2018 prize winners for best articles in De Rebus

April 16th, 2019
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Pretoria legal practitioner, Gert Nel has won the LexisNexis prize for the best article published in to De Rebus by a practising legal practitioner.

By Kgomotso Ramotsho

Pretoria legal practitioner, Gert Nel, has won the LexisNexis prize for the best article published in De Rebus by a practising legal practitioner. Mr Nel’s article ‘Decoding s 2(1)(a) and (b) of the Contingency Fees Act’, which was published in 2018 (June) DR 14, focused on a number of issues, including the origin of contingency fees, foreign law, incentives for legal practitioners, the reasonability of fees and how the fees should be calculated. The Contingency Fees Act 66 of 1997 states that:

‘(a) … the legal practitioner shall not be entitled to any fees for services rendered in respect of such proceedings unless such client is successful in such proceedings to the extent set out in such agreements;

(b) … the legal practitioner shall be entitled to fees equal to or, subject to subsection (2), higher than his or her normal fees, set out in such agreement, for any such services rendered, if such client is successful in such proceedings to the extent set out in such an agreement.’

Mr Nel said the article was written to serve as a reference and a practical guideline to be used by any legal practitioner engaging clients on a contingency fees basis. He added that he was thankful and humbled by the fact that De Rebus and LexisNexis considered the article and bestowed on him this prestigious prize.

Mr Nel has won a Lenovo Tablet and one year’s free access to onc practice area on the LexisNexis Practical Guidance platform.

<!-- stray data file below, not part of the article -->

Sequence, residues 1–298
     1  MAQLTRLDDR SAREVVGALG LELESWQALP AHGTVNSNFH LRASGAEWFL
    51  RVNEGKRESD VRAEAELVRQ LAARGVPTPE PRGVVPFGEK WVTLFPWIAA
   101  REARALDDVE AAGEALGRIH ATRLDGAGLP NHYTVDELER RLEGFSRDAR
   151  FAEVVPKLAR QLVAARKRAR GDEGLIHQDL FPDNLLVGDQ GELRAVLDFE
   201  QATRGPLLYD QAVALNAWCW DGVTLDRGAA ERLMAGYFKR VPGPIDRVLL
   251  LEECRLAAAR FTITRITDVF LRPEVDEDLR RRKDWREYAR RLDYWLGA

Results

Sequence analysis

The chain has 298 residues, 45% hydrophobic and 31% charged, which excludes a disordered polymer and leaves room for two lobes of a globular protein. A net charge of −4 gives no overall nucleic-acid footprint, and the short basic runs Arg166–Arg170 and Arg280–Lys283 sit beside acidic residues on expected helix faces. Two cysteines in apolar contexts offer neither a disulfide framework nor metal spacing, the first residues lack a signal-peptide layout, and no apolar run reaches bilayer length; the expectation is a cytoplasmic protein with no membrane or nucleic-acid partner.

Legal practitioner, Ndivhuwo Ishmel Moleya, won the Juta Law prize for the best candidate legal practitioner article published in De Rebus.

Legal practitioner, Ndivhuwo Ishmel Moleya, won the Juta Law prize for the best candidate legal practitioner article for his article ‘The effect of the Oudekraal principle on the rule of law’, published in 2018 (Aug) DR 28. Mr Moleya began his article by quoting Lord Denning, who once said, ‘[i]f an act is void, then it is in law a nullity’ and that ‘every proceeding which is founded on it is also bad and incurably bad’ (MacFoy v United Africa Co Ltd [1961] 3 All ER 1169). He said in the South African context, the same principle was expressed by Innes CJ in Schierhout v Minister of Justice 1926 AD 99 at 109, where he stated that ‘[i]t is a fundamental principle of our law that a thing done contrary to the direct prohibition of the law is void and of no effect.’ Yet, in Oudekraal Estates (Pty) Ltd v City of Cape Town and Others 2004 (6) SA 222 (SCA) the Supreme Court of Appeal (SCA) developed the principle that an unlawful act may produce legally recognisable consequences (Oudekraal principle). Mr Moleya wrote about the application of the Oudekraal principle, which was the bone of contention in the three cases he analysed, namely, MEC for Health, Eastern Cape and Another v Kirland Investments (Pty) Ltd t/a Eye & Lazer Institute 2014 (3) SA 481 (CC); Merafong City v AngloGold Ashanti Ltd 2017 (2) SA 211 (CC); and Department of Transport and Others v Tasima (Pty) Ltd 2017 (2) SA 622 (CC).

Mr Moleya said that he had some interest in the decision as he was a clerk at the Constitutional Court. He added that he was particularly attracted by the fact that the court was divided on the same issue in three judgments, which to him highlighted the contentious nature of the issue. ‘I felt the need to weigh in on the discourse, with the benefit of hindsight of course,’ Mr Moleya said. He added that he felt honoured and humbled to be selected as one of the winners of the best articles in De Rebus.

Mr Moleya has won a 32GB tablet with WiFi and 3G, including a one-year single-user online subscription to Juta’s Essential Legal Practitioner Bundle.

Kgomotso Ramotsho Cert Journ (Boston) Cert Photography (Vega) is the news reporter at De Rebus.

 

Click on the adverts below to see what exciting prizes, LexisNexis and Juta are offering for 2019. – Editor